Are you planning to run your own airline or sell planes to airlines and the general public?
SA: We currently focus on the aeroplane itself, designing all the key technology involved. What you have to know is that once the aeroplanes are out there, there are actually a variety of possible applications: there is the commercial airline application, business jets (there are huge opportunities in the business market), the cargo market and there are also military applications. The market for us is pretty big: even for just refreshing the current stock of aircrafts that are currently serving regional routes, there is a trillion-dollar market. And then add the number of people that choose to drive instead of flying: currently in the USA for trips below 1,000 miles people only fly 4 percent of the time because the experience is so terrible. There are all those potential passengers, there is cargo and there is military. It is a 2-3 trillion-dollar market which is pretty substantial. There are a lot of applications from a commercial standpoint, and we can impact people’s travel times and help make airfares much less expensive.
When I look at fully electric cars, they have a highest range of 330-390 miles; hybrid cars can reach 600-700 miles. Zunum Aero is talking about 700 and then 1,000 miles. Can you explain how this is going to work with a plane that requires a lot of power for take-off? Are batteries the biggest challenge for you? What other challenges are you facing?
SA: We are actually seeing the battery cost going down and the energy density going up exponentially. We design our aircrafts to be viable to use technology that is currently on the market today. You have probably seen that there is a variety of players out there: flying cars, vertical takeoffs, etc. They actually have a very high energy demand to take of vertically. We don’t take off vertically; our planes take off from a short runway, we have specifically designed fans and body which allow us to take off efficiently. In 2022 the aircraft is going to be hybrid electric: though we design the plane today, the way we do it ensures that as battery technology progresses, we can just add new technology and integrate it. It is pre-wired in a way that when the technology is sufficient and a back generator is no longer needed, it will be fully electric. That is what we are really excited about: if we are able to be fully electric, we can eliminate 40-50 percent of aviation emissions, looking at the regional routes alone. That is the exciting thing on the horizon, but even in the near term, the emission reduction and an 80 percent noise reduction are pretty significant.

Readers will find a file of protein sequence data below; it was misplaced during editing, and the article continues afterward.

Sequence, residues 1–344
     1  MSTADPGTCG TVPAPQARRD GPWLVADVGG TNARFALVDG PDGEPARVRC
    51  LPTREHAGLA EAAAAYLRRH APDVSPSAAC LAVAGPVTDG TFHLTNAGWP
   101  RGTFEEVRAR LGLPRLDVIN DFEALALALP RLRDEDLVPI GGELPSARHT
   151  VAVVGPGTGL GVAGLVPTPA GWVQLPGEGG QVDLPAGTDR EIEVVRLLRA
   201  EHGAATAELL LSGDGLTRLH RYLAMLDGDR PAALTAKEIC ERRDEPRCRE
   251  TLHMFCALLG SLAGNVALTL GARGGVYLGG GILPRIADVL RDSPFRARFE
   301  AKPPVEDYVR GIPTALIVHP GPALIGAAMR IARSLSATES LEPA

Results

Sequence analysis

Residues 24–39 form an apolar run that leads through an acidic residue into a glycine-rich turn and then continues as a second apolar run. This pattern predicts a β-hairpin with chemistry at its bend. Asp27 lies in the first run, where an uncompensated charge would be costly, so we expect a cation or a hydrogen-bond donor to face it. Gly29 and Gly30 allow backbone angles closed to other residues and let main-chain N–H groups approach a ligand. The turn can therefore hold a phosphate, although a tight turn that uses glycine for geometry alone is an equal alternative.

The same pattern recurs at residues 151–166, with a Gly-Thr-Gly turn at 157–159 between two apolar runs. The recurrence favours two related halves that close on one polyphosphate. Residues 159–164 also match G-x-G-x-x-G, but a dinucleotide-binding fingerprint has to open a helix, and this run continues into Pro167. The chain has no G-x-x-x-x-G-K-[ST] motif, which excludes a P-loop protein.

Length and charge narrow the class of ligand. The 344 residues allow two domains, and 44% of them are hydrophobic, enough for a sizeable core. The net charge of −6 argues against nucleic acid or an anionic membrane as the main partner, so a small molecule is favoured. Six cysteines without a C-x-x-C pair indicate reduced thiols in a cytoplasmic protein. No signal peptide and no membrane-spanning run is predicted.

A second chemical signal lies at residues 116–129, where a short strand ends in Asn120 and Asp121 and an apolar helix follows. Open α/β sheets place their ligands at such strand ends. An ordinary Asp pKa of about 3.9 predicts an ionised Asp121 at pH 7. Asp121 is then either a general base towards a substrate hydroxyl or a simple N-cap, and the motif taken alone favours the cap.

In 2022 the aircraft is going to be hybrid electric: though we design the plane today, the way we do it ensures that as battery technology progresses, we can just add new technology and integrate it.
You talked about emissions reduction. What would be other relevant benefits of Zunum Aero’s aeroplanes?
SA: People don’t often think about the noise factor. Because our planes are quiet they actually allow us more flexibility: for instance, you can fly very close to a community around the clock without disrupting anyone. It will allow people to have far more flexibility in their schedules as well. Moreover, our planes are designed so they can be flown by a single pilot or without a pilot. You can have flights going back and forth continuously, providing tons of options at reduced operation costs. We want to enable people to live where they want and travel when they want. This technology will allow anyone to do that.
The door to door impact is particularly impressive. What specific requirements would regional airports need to match, in order to be able to host your planes?
SA: The demands on airports are pretty low. They need a place to store the batteries and a place to recharge them. You can turn the plane around pretty quickly if you don’t have to wait for the plane to charge; you can swap out the batteries and then the plane will be on his way, you can charge the battery separately. We have plans for 30-50 seat- and even 100-seat aircrafts. Obviously, we are starting small because we want to prove the efficiency of our technology and make sure the battery technology is improving as well. We won’t be limited to smaller passenger planes, we actually have a family of planes, each of which optimized for a specific route and flight type. And those can be flown out of regional airports as well.
IN THE PHOTO: ZUNUM AERO TEAM. PHOTO CREDIT: ZUNUM AERO
Do you think people will commute by plane on a daily basis in the future?
SA: If travelling by plane is affordable, then it makes it reasonable to live in a small town where real estate is more affordable and commute by plane into a bigger city to work. We always say that we are offering a business jet experience at less than commercial fares. Frequent flights, planes are inexpensive to operate. Inside – a luxurious experience: the cabin is roomy, quiet and you don’t have to deal with the noise of the plane. Boarding our planes is more like boarding a train where you walk on and off and you don’t have to park far away. Don’t forget also that those planes can take off from a variety of places, you don’t need a big airport and a long runway.